Martian Barchans
NASA/JPL/University of Arizona
Martian Barchans
ESP_014404_1765  Science Theme: Aeolian Processes
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Barchan dunes are common on both Earth and Mars. These dunes are very distinctive in shape, and are important because they can tell scientists about the environment in which they formed.

Barchans form in wind regimes that blow in one dominant direction. The ridged arcs of sand that define the barchan dunes end in horns that point downwind. Sand is transported up the broad, relatively shallow windward slopes and once it overtops the dune crest, the sand falls down a shorter steeper slope between the horns, known as the slip face. Over time, the barchans migrate downwind, following their horns. (The subimage refers to the non-map projected version of the image.)

This HiRISE image shows an example of several barchans merging to form an even larger barchan dune. This can happen through a variety of circumstances, such as when smaller, faster dunes collide with larger, slower-moving dunes that absorb them, resulting in single, larger dunes. The distance between the merging horns of the large dune in this highlighted region is a little over 500 meters (about 1600 feet).

Written by: Andrea Philippoff   (11 December 2009)

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Acquisition date
22 August 2009

Local Mars time:
14:17

Latitude (centered)
-3.271°

Longitude (East)
307.617°

Range to target site
268.3 km (167.7 miles)

Original image scale range
26.8 cm/pixel (with 1 x 1 binning) so objects ~81 cm across are resolved

Map projected scale
25 cm/pixel and North is up

Map projection
Equirectangular

Emission angle:
5.0°

Phase angle:
30.7°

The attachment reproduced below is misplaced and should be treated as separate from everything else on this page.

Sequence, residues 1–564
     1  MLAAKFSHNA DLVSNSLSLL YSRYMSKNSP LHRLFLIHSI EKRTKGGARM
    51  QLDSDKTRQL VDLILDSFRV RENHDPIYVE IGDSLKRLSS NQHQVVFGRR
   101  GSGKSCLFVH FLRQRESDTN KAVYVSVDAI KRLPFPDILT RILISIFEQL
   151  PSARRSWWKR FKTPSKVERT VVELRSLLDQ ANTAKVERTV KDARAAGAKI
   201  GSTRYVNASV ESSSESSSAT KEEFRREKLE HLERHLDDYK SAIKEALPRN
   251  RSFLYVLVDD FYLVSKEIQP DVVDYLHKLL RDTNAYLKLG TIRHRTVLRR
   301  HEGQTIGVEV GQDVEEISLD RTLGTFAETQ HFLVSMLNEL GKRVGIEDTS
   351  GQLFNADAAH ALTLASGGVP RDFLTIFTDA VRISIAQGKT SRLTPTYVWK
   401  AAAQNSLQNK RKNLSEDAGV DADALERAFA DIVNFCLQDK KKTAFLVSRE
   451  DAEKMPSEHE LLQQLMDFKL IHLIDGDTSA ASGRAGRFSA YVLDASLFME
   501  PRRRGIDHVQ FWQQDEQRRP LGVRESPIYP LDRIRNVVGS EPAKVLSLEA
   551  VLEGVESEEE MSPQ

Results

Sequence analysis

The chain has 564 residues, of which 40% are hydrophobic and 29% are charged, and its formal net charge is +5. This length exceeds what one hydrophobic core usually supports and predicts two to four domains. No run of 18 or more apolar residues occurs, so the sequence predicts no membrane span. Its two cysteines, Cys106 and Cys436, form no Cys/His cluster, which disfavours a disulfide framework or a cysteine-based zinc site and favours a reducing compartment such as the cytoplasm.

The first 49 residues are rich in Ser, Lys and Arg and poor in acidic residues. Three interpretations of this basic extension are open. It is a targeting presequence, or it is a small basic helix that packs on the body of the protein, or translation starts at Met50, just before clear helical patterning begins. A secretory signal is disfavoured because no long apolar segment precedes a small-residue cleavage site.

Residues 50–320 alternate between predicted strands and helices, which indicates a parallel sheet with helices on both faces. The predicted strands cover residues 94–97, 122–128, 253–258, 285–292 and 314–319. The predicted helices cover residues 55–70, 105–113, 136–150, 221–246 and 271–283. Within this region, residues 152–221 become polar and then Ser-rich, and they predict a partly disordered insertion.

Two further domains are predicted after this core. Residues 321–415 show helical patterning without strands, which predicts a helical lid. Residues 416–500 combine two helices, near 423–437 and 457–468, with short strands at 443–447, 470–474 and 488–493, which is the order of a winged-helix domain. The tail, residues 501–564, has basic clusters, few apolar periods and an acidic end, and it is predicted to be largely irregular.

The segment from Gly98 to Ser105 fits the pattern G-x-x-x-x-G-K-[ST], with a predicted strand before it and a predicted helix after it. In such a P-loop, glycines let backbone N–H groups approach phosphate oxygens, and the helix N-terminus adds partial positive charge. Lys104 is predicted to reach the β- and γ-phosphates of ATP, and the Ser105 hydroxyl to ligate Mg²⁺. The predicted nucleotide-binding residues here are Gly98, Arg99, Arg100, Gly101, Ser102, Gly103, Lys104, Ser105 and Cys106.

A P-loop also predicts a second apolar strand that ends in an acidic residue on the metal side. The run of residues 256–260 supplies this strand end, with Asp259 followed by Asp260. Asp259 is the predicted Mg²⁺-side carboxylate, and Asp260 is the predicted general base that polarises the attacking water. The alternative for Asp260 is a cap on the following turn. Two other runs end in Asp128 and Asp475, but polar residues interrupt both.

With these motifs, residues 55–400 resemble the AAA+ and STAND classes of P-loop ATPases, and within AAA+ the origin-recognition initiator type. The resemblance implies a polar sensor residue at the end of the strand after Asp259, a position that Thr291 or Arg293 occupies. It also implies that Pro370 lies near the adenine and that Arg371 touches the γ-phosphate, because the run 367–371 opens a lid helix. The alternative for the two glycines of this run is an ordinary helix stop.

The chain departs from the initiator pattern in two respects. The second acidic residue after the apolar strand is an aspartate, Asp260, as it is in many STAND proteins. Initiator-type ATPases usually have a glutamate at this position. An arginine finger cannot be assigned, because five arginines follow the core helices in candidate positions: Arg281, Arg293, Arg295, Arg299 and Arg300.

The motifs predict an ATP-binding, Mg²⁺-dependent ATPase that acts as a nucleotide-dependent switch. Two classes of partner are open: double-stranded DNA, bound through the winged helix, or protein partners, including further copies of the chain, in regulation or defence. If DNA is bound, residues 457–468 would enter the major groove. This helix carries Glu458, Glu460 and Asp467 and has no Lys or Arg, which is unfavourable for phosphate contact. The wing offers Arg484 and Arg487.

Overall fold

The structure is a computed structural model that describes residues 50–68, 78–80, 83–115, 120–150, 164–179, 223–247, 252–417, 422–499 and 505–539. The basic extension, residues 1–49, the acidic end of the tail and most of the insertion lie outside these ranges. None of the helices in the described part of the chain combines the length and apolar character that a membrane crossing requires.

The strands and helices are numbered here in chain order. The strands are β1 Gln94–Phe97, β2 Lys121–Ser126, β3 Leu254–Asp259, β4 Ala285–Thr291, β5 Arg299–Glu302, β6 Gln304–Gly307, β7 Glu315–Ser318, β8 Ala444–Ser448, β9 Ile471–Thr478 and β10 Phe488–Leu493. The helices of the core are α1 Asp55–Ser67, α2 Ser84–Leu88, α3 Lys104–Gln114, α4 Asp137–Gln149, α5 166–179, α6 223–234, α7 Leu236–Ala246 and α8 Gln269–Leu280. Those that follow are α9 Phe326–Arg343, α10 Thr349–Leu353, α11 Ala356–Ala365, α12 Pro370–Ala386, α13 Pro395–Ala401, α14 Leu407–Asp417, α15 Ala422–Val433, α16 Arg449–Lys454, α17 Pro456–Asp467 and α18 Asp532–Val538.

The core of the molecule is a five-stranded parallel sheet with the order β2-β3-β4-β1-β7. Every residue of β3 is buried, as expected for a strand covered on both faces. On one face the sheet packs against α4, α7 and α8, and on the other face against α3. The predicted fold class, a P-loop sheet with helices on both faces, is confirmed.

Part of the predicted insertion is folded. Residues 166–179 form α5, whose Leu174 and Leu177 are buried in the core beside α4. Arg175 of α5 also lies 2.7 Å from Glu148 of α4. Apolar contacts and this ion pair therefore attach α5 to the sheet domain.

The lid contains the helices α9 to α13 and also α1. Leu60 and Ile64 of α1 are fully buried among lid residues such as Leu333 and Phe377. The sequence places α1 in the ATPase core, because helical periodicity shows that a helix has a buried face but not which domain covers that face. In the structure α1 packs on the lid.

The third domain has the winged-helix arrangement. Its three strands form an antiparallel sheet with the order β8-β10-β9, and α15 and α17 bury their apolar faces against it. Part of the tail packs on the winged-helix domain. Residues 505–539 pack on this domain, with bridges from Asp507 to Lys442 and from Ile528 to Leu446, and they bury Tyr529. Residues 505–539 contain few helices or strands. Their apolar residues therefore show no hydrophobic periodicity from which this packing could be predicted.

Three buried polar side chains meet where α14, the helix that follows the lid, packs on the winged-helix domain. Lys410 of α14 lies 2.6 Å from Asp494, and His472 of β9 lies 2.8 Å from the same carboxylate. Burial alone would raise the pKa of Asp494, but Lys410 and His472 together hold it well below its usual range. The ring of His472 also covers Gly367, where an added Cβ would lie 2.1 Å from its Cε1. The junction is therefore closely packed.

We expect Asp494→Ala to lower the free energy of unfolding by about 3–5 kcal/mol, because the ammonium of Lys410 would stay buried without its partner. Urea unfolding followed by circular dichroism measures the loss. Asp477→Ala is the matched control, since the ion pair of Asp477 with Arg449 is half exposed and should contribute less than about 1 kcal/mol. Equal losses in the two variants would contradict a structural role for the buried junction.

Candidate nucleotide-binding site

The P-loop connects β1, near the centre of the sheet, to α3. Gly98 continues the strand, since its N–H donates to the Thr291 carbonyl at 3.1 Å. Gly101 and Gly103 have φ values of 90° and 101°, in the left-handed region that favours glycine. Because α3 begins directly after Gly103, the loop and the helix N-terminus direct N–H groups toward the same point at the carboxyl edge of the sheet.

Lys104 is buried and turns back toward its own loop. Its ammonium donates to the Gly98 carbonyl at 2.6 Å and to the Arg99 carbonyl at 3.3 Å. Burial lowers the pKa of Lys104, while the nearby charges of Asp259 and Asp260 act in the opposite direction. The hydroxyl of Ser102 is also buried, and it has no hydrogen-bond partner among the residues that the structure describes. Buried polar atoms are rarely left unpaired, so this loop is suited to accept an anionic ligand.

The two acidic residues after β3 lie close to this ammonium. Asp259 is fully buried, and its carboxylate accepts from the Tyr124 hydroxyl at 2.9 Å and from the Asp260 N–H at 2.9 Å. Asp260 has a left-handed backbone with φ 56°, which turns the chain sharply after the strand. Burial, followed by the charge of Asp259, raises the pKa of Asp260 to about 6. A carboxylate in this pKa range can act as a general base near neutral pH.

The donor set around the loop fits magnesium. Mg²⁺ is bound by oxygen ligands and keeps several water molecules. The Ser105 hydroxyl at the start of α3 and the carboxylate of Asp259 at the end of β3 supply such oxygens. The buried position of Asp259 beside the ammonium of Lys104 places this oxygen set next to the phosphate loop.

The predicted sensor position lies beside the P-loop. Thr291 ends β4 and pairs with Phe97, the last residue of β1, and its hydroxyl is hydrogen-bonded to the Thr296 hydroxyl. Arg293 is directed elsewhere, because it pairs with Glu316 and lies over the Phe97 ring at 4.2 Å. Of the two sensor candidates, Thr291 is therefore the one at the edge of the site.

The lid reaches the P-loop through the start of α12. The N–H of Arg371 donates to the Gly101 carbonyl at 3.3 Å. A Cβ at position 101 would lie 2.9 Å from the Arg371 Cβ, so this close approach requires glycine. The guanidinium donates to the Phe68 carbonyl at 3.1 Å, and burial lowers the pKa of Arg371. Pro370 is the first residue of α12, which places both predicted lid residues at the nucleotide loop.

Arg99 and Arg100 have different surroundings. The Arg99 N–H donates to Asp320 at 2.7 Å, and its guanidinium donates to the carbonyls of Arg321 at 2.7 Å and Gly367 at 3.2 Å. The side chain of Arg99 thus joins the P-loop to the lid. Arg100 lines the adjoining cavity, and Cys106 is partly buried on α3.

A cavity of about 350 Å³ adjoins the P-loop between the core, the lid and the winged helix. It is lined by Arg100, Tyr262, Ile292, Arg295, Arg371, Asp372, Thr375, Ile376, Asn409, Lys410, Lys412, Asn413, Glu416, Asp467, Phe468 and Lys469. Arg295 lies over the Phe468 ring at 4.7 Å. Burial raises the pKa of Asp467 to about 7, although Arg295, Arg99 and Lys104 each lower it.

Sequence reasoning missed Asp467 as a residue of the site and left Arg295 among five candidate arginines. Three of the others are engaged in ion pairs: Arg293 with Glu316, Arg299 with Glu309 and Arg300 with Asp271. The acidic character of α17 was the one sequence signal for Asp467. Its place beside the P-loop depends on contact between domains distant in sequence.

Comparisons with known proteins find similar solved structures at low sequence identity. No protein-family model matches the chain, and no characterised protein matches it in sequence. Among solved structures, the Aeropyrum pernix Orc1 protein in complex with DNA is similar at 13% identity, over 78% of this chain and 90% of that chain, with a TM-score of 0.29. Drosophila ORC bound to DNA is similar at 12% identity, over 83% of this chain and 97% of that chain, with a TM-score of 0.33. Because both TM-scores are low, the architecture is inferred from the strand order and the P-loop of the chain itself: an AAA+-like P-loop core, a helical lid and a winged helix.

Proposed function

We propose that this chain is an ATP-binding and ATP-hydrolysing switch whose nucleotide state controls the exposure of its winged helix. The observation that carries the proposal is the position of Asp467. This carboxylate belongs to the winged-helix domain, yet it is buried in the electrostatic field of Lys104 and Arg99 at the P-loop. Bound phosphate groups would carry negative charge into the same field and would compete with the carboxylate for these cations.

Solar incidence angle
36°, with the Sun about 54° above the horizon

Solar longitude
325.8°, Northern Winter

North azimuth:
97°

Sub-solar azimuth:
345.8°
JPEG
Black and white
map projected  non-map

IRB color
map projected  non-map

Merged IRB
map projected

Merged RGB
map projected

RGB color
non-map projected

JP2
Black and white
map-projected   (703MB)

IRB color
map-projected   (289MB)

JP2 EXTRAS
Black and white
map-projected  (302MB)
non-map           (407MB)

IRB color
map projected  (103MB)
non-map           (294MB)

Merged IRB
map projected  (157MB)

Merged RGB
map-projected  (147MB)

RGB color
non map           (293MB)
ADDITIONAL INFORMATION
B&W label
Color label
Merged IRB label
Merged RGB label
EDR products
HiView

NB
IRB: infrared-red-blue
RGB: red-green-blue
About color products (PDF)

Black & white is 5 km across; enhanced color about 1 km
For scale, use JPEG/JP2 black & white map-projected images



USAGE POLICY
All of the images produced by HiRISE and accessible on this site are within the public domain: there are no restrictions on their usage by anyone in the public, including news or science organizations. We do ask for a credit line where possible:
NASA/JPL/University of Arizona



Postscript
For information about NASA and agency programs on the Web, visit: http://www.nasa.gov. NASA's Jet Propulsion Laboratory, a division of the California Institute of Technology in Pasadena, Calif., manages the Mars Reconnaissance Orbiter for NASA's Science Mission Directorate, Washington. Lockheed Martin Space Systems is the prime contractor for the project and built the spacecraft. The HiRISE camera was built by Ball Aerospace and Technology Corporation and is operated by the University of Arizona. The image data were processed using the U.S. Geological Survey’s ISIS3 software.